Perhaps comic book games aren't as dead as we thought.

User Rating: 8.6 | The Incredible Hulk: Ultimate Destruction XBOX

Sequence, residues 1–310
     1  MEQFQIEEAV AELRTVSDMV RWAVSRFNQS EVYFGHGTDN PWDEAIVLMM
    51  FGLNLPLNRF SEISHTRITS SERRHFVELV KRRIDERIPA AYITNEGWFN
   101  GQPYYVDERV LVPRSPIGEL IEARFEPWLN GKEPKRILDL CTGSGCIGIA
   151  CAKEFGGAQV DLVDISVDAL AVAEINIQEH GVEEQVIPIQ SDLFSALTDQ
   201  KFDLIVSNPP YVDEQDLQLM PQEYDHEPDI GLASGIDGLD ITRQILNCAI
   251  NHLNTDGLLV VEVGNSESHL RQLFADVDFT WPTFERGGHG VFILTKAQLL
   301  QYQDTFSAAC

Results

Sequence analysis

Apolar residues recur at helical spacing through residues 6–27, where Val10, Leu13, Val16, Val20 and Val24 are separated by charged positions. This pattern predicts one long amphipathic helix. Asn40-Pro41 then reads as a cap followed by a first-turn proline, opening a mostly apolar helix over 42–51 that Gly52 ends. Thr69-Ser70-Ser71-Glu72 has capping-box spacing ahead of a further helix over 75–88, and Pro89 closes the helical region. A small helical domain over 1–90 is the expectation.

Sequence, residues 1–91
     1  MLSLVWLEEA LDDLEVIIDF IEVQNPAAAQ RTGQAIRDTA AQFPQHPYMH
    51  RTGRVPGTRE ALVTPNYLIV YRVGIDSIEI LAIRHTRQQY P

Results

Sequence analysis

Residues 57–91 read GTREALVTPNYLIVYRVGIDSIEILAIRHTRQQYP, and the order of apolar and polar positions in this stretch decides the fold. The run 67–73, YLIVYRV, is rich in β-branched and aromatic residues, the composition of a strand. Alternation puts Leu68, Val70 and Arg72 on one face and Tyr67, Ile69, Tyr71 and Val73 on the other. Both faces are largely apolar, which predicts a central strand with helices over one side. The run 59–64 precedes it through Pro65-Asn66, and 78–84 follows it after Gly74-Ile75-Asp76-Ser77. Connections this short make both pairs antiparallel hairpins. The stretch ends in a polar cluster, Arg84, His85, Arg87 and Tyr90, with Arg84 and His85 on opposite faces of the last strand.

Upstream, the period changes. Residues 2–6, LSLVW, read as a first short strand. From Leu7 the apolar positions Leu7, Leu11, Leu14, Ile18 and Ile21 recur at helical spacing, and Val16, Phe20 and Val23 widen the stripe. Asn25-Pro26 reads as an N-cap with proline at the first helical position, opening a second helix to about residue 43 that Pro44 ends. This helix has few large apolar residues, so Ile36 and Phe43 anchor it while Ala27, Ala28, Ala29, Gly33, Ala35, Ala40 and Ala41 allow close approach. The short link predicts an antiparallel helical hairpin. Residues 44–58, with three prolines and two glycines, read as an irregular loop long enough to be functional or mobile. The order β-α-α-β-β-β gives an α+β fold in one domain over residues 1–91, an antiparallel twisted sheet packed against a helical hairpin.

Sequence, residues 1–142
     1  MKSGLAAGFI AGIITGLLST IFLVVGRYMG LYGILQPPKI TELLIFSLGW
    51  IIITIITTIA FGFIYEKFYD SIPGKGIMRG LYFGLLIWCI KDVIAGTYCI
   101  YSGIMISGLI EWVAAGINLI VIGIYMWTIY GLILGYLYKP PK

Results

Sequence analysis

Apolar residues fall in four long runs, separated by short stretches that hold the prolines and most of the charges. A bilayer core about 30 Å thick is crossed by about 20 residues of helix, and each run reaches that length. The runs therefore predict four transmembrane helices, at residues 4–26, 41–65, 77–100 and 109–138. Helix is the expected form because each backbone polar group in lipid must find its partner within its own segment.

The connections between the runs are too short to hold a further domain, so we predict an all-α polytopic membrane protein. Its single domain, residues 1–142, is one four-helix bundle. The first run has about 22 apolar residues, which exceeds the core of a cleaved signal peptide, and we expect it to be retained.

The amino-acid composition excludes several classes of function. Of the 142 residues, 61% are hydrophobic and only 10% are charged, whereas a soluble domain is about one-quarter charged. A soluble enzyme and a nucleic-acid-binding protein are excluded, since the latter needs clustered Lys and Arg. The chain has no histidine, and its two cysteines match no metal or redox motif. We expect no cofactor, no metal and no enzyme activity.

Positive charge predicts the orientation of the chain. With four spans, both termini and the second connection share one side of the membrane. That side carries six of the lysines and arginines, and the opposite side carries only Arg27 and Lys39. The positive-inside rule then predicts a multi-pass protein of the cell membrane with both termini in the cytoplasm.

Comic book games always get such a bad rap these days, and for the most part deservedly so. With the influx of movies based on comics over the past few years, game developers have been quick to lap up the available properties and pretty much just exploit them for the money. The driving force is a quick buck, and not the gameplay that fans of the books and/or movies are looking for. Irrespective of how good or bad the film was (whether you're talking Spiderman 2 or Fantastic Four or whatever), the game still has a fighting chance. Where the film failed, the game could succeed. For most of them however, this isn't the case, and the games fall flat. And it's so disappointing. The first Hulk game, based on the Ang Lee movie, was bad. I found it to be initially satisfying to smash things, but it got old very, very quickly. And come on, the Banner stealth sequences? Give me a break, they were awful with a capital SUCK. The first game was so uninspired (pretty much like the film then, huh?) and so painfully linear that it was simply a substandard, by-the-numbers action game with a green chap thrown in. And the novelty of being the Hulk was drowned out by the fact that almost all the enemies were Gamma-radiated mutants as well - isn't the Hulk's condition supposed to be singular, or achingly rare at best? How come every pooch and goon you see has the same Gamma thing going on? Bad, bad, bad. But if you're still reading this (and kudos to you), I'm happy to report that The Incredible Hulk: Ultimate Destruction is as far removed from the first game as it's possible to be. And given that both games were made by the same studio, it's all the more surprising. The popular 'sandbox' set up that most people (myself heartily included) have grown to love fits the Green Meanie like an oversized glove. The freedom to move where you want, however you want and smashing literally anything that might stand in your way is so satisfying you'll wonder if you yourself haven't recently taken a Gamma bath. The game succeeds in one small but significant detail - you feel like you are the Hulk. The graphics are very well done, although some sacrifices had to be made - the variety of vehicles on the streets are incredibly limited, for example. But then since you're only going to smash them anyways, why do you need dozens of different ones? The destruction animations are great, and pretty much anything you see can be brought crashing down or sent up in flames. I would have liked to have seen the wall running mechanics tweaked a little to take into account gravity a bit more. If you run up the side of a building (which is fun as hell, by the way), then you'll slow down a little the further you go, but no planetary forces make you fall off when your momentum drops. But still, coupling the wall running with the Hulk's remarkable jumping abilities, and you'll be off the ground almost as much as Spiderman. The missions aren't as varied as perhaps they could have been, but you always have the option to free roam and tackle some of the side missions and challenges whenever you like, which splits up the playtime nicely. Heck, just running around and breaking things with a club made from a telephone pole satiates any need you might have for variety. It's one of those things that will take a long time to get old, simply because of how fun it is on a base level. The dialogue is a bit cheesy, and the story line isn't quite of the best caliber (although it surpasses the film and previous game by leaps and bounds), but this is solved competently by the vocal delivery – Ron Perlman, as always, is excellent. With the huge amount of unlockable content to please both gamers and hardcore comic fans, some subtle nods to a few obscure events and characters from the comics, and the basic, sheer thrill of smashing entire fleets of cars, buses, helicopters, military vehicles and a whole lot more, there's a lot of replay value to be had. I was a skeptic when I handed over my money for this game, and I sorely wanted it to be good. Better than good. I really needed The Incredible Hulk: Ultimate Destruction to help restore a little of my lost faith in comic book games. And it did. In debris scattered leaps and bounds.